About the Gallery
The Nesbitt Art Gallery on the campus of the University of Science & Arts of Oklahoma was established in June 1997 as the Science & Arts Art Gallery and rechristened in May 2012 to honor the family of Charles and Margôt Nesbitt, its most generous patrons. Charles Nesbitt (1921-2007) served as Oklahoma's 9th Attorney General (1963-67). Margôt Nesbitt served for many years as Reverend Canon for St. Paul’s Episcopal Cathedral in Oklahoma City before her retirement.
Pieces in the gallery's Permanent Collection include limited edition, original prints by Pablo Picasso, Henri Matisse and James Whistler among others. Will Soule’s famous prints of captured American Indian chiefs imprisoned at Fort Sill are in the collection, along with rare photographs of the Oklahoma Land Run and Oklahoma City's birth.
The Nesbitt Gallery has the particular mission to promote the visual arts of the Central Oklahoma Region with a special concern for the expressions of the diverse cultures and the role that educators have played in forming those expressions. While its permanent collection is weighted to support this mission, it also contains other works of art both of historic and contemporary significance.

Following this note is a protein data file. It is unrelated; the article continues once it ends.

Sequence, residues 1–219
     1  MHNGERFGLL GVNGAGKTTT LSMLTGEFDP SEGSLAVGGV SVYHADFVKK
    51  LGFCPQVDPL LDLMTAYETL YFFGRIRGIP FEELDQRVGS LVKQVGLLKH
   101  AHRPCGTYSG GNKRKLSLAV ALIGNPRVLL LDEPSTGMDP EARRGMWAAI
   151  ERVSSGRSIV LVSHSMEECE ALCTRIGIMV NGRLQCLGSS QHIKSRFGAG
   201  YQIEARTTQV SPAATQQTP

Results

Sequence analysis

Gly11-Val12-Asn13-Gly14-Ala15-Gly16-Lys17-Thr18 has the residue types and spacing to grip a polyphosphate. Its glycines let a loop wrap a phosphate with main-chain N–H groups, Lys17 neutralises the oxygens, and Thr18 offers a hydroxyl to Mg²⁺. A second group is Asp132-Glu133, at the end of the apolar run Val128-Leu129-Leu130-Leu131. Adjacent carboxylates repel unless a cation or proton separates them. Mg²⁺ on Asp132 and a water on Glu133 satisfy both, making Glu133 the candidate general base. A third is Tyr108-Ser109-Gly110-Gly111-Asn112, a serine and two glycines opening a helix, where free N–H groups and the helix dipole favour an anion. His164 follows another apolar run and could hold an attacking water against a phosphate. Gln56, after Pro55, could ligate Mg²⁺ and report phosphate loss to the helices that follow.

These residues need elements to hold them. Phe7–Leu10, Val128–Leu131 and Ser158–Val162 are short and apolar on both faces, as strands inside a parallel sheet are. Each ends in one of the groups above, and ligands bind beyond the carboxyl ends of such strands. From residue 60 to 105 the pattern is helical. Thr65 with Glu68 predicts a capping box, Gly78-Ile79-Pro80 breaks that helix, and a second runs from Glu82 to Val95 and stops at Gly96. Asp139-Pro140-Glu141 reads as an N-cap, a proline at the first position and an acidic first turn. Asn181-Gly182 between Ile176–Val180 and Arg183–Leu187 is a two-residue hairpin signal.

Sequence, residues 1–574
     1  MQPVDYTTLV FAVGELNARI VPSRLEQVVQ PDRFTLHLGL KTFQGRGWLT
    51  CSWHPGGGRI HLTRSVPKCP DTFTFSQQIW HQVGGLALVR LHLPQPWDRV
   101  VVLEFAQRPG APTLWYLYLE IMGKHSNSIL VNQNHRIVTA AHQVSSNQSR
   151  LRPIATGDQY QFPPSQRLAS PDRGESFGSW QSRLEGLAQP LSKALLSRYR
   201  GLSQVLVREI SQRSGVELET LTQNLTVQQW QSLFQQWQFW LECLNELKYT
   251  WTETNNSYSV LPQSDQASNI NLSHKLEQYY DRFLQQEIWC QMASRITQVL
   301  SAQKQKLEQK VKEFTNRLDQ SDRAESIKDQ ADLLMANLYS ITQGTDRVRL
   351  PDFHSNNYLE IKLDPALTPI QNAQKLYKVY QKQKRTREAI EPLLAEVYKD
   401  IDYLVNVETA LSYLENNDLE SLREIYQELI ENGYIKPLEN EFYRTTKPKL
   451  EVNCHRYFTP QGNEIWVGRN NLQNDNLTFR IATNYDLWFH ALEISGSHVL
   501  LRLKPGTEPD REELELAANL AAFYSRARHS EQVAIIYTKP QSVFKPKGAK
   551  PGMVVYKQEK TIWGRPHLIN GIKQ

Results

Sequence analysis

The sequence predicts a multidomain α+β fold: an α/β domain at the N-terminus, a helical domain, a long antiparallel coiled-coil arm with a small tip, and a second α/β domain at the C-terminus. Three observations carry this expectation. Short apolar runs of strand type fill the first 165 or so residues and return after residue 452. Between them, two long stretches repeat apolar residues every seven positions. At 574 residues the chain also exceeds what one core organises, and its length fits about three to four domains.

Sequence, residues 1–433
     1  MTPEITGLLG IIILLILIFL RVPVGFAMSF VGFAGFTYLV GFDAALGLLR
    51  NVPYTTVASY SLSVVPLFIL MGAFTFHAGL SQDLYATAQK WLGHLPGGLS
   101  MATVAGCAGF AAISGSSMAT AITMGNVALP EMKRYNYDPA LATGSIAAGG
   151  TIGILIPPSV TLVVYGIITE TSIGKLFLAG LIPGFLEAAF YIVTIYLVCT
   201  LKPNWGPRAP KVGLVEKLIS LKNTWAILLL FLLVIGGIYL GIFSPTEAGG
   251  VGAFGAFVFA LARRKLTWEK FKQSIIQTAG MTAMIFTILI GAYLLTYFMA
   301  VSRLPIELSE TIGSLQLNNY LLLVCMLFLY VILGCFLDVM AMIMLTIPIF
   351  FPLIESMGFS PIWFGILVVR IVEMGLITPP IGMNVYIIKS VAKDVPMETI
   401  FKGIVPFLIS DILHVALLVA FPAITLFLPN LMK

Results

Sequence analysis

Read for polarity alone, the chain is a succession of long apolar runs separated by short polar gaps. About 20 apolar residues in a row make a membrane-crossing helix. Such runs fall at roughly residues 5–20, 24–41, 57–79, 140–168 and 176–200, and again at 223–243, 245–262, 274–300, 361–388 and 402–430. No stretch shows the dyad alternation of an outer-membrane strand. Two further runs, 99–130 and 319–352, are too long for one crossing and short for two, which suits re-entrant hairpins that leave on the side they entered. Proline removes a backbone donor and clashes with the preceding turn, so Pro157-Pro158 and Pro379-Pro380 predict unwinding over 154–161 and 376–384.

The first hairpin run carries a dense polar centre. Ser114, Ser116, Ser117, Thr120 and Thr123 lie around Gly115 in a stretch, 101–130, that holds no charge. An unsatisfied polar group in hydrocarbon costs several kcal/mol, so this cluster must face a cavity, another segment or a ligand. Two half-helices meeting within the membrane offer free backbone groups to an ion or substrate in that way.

The gallery plays host to the Seven State Biennial , a highly competitive art competition held at Science & Arts. Taking place every other year, the Biennial supports more than 300 submissions from more than 100 artists and awards more than $11,000 in prizes.
To support the Nesbitt Gallery, please use the "Give Now" button below.
8:30 a.m. - 4:30 p.m. on school days
SPECIAL HOURS MAY BE ARRANGED FOR GROUPS.
Please contact 405-574-1374 for more information.
"Fancy Firewood" by Professor Emeritus Charles "Mike" Mather will feature 60 woodwork pieces and sculptures in a show-and-sale May 12-14. The show will run each day from 9 a.m. - 6 p.m.
Half of the proceeds will go to the Mather Scholarship Fund at Science & Arts and the other half will help fund public art in the community.
Mather taught at Science & Arts from 1976-2010, retiring as Professor of Biology. The works represent a lifelong interest in woodworking for Mather, whose mother, aunt, and cousins were artists. According to Mather, he dabbled in pen and ink and watercolors, but he says his real interest turned out to be wood.